O poppy Death !_sweet poisoner of sleep;
Where shall I seek for thee, oblivious drug,
That I may steep thee in my drink, and creep
Out of life's coil? .
Thus far she pleads, but pleading nought avails her,
For Death, her sullen burthen, deigns no heed.

HOOD : Hero and Leander.
But many days, and many months,
And many years ensuing,
This wretched Knight did vainly seek
The death that he was wooing.

WORDSWORTH : Ellen Irroin.
Je ne veux pas mourir ! ... Tantôt j'eusse imploré la mort comme un
bienfait ... j'étais si malheureuse ! ... mais à présent je ne veux pas mourir." ...
-Adrienne Lecouvreur, Acte V., Scène 5.

O Life,
How oft we throw it off and think-"Enough,
Enough of life in so much !-here's a cause
For rupture;-herein we must break with Life.”

And so, as froward babes, we hide our eyes
And think all ended.—Then Life calls to us
In some transformed, apocryphal, new voice
. . . Still, life's voice !-and we make our peace with life.

E. B. BROWNING: Aurora Leigh

We have seen how death is regarded by various types of human character : how the sensitive are appalled by it; how the homely children of mother earth (that homely nurse, as Wordsworth calls her) shrink from the very thought of it ; how the stout-hearted profess to disdain it ; how the morbid love to brood over it; and how others of the most diverse temperament, age, faith, and practice, patiently await or calmly anticipate it. Let us now glance at another class—the unhappy who appeal to it unheard, the woe-worn who invoke it in vain,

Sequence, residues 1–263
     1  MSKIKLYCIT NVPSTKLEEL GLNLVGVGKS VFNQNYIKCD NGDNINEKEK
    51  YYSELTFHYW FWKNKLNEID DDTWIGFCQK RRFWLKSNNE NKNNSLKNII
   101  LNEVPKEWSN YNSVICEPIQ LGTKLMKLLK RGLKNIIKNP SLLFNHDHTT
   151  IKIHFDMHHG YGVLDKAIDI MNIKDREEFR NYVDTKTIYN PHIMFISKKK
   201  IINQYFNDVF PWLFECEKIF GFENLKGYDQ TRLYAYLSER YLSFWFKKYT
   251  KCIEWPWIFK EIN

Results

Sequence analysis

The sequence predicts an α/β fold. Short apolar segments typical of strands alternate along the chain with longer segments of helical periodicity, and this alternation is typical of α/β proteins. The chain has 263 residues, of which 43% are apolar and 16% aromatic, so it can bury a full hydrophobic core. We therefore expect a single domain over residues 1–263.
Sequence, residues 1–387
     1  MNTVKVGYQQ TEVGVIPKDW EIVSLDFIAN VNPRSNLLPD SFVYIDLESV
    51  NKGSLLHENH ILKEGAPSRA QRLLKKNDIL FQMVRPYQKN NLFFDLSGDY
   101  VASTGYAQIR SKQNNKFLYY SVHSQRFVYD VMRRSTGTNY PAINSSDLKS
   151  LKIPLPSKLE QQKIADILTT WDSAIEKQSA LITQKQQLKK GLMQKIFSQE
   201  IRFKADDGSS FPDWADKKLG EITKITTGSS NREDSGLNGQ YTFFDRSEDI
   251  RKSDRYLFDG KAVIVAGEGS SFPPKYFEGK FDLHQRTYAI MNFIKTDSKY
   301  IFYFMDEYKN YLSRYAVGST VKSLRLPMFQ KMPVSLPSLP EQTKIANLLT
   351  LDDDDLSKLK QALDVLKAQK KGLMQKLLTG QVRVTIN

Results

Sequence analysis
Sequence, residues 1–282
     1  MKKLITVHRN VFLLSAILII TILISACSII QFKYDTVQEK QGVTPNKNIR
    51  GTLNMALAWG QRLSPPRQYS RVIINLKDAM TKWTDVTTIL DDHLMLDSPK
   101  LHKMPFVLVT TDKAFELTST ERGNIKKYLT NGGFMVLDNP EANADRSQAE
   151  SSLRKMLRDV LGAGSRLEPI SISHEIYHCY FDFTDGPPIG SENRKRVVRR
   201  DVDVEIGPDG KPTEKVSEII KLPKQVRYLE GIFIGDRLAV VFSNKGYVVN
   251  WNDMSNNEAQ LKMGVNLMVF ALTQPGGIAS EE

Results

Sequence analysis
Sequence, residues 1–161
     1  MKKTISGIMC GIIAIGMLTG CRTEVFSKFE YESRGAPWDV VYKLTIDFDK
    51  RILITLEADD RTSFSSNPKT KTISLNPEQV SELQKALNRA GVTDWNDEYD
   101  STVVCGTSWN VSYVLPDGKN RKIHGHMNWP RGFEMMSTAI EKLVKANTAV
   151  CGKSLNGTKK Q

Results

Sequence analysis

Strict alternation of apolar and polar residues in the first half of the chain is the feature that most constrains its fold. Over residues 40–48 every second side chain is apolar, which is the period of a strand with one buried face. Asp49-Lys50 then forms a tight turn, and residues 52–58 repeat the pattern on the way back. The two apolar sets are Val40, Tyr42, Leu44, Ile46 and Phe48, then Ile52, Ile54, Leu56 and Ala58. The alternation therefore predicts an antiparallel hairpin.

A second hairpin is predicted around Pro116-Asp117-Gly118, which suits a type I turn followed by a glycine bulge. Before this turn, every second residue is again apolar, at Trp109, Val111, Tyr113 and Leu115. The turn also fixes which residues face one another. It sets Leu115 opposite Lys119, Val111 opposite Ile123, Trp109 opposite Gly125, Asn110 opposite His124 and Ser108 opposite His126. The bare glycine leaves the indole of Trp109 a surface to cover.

There was a man in the land of Uz, who, in the speechless anguish of his soul, sat upon the ground seven days and seven nights, in the presence of friends who sat there beside him-none speaking a word unto him, for they saw that his grief was very great. And when he opened his mouth, it was to speak of the bitter in soul," which long for death but it cometh not; and dig for it more than for hid treasures ; which rejoice exceedingly, and are glad, when they can find the grave.”